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Thursday, December 23, 2004

Taiwan News > U.S. official calls Taiwan a 'landmine'



U.S. official calls Taiwan a 'landmine'
Date: 2004/12/23 12:56:49
SOURCE: Taiwan News
URL: http://www.etaiwannews.com/Taiwan/Politics/2004/12/23/1103767079.htm

A top U.S. official's description of Taiwan as the "biggest land mine" in Washington's relations with China sparked anxiety in Taipei on Wednesday, even as local officials tried to downplay the significance of the statement.

U.S. Deputy Secretary of State Richard Armitage made the statement in an interview with the Public Broadcasting Service in the United States, also saying explicitly, "We all agree that there is but one China, and Taiwan is part of China."

Responding to the comments, Cabinet Spokesman Chen Chih-mai said that Taiwan is consulting with the U.S. government on Armitage's statements, while Foreign Minister Chen Tan-sun (陳唐山) downplayed the remarks, saying that U.S. policy toward Taiwan remains unchanged.

Mainland Affairs Council Vice Chairman Chiu Tai-san (邱太三) said that "there were some terms that were never used before, that's why we have to consult with the U.S. government."

Taiwan has seen the United States as a protector in the decades-old rivalry with China.

Some political observers interpreted Armitage's comments as another crisis in Taiwan-U.S. relations, especially after Secretary of State Colin Powell said in Beijing in October that Taiwan does not enjoy sovereignty and suggested that Taiwan should eventually unify with China.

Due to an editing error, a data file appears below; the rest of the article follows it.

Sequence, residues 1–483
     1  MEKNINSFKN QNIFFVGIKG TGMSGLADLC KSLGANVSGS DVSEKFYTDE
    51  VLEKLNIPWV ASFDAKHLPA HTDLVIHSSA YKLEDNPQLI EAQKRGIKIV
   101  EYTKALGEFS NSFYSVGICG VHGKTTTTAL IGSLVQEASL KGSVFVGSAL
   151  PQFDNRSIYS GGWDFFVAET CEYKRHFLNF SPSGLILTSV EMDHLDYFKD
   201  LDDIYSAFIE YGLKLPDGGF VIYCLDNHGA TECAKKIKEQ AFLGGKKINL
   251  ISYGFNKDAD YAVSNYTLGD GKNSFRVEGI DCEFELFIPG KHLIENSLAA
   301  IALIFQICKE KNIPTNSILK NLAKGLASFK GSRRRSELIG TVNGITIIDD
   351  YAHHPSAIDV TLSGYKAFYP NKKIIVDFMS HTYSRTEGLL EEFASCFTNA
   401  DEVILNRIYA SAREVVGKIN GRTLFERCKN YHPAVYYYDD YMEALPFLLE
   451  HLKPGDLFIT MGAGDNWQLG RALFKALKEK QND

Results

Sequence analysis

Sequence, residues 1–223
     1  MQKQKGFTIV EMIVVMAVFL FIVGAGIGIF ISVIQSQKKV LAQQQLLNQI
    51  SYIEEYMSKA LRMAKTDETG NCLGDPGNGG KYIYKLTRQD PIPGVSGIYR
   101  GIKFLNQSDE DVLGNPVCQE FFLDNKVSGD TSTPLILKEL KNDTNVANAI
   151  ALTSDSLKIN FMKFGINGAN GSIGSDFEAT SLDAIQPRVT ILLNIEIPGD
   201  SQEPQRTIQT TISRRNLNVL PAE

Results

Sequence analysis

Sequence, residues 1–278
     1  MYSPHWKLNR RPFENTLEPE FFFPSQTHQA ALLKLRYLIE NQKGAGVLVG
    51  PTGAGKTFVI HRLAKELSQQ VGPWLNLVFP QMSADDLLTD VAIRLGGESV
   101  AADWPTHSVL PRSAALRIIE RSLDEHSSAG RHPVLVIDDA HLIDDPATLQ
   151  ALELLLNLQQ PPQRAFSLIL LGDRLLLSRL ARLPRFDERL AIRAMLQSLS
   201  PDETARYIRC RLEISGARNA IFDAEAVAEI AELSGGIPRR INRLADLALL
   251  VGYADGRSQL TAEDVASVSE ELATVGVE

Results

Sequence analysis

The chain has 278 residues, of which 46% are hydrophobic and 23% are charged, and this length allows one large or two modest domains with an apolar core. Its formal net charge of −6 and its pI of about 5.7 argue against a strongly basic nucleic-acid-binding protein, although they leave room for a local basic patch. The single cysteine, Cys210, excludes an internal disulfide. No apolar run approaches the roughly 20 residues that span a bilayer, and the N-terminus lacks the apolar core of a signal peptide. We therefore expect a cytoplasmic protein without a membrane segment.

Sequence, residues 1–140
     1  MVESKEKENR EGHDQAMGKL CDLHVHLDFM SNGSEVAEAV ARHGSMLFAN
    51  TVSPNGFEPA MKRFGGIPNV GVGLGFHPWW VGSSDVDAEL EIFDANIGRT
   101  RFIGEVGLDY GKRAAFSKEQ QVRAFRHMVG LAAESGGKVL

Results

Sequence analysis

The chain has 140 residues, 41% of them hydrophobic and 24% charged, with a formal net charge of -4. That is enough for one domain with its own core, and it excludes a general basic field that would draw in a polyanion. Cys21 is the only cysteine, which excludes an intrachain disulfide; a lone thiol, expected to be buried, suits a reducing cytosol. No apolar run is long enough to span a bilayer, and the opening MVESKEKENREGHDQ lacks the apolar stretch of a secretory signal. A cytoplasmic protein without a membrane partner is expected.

Lo Chih-cheng (羅致政), executive director of the Institute of National Policy Research in Taipei, argued that Armitage's explicit statement on Taiwan's sovereignty would rationalize Beijing's planned "Anti-Secession Law," which it announced last Friday.

"That statement worries me more than his other comments," Lo said.

Asked by the PBS interviewer what was the biggest land mine in U.S.-China relations, Armitage replied: "I would say Taiwan. Taiwan is one. It's probably the biggest."

When asked if Washington would intervene if China launched an attack on Taiwan, Armitage said it would be inappropriate to respond to that question.

War is one of the powers of Congress, he told the interviewer.

Former Mainland Affairs Council Vice Chairman Alexander Huang (黃介正), now a professor at Tamkang University's Institute of American Studies, suggested that the main purpose of Armitage's statement was to remind Taiwan of the necessity to increase its self-defense capability.

Michael Fonte, the Democratic Progressive Party's Washington liaison, said that lately the Bush administration has been frustrated with Taiwan's failure to pass the NT$610.8 billion budget for arm procurement, as well as with the challenges to the "one-China" policy.

Fonte advised that in the interest of repairing Taiwan-U.S. ties, Taiwan should stop challenging the "one-China" policy, as the U.S. sees the policy as a form of protection for Taiwan. China has also been pushing the U.S. for a revision of the policy to favor Beijing, Fonte said.

The United States, meanwhile, has assigned a serving military officer to its de facto embassy, the American Institute in Taiwan.

The institute has hired retired military officers over the past few decades as contractors to coordinate defense affairs between both sides, but the insisted that the latest move is "simply an effort to promote administrative efficiency in personnel matters, nothing more."

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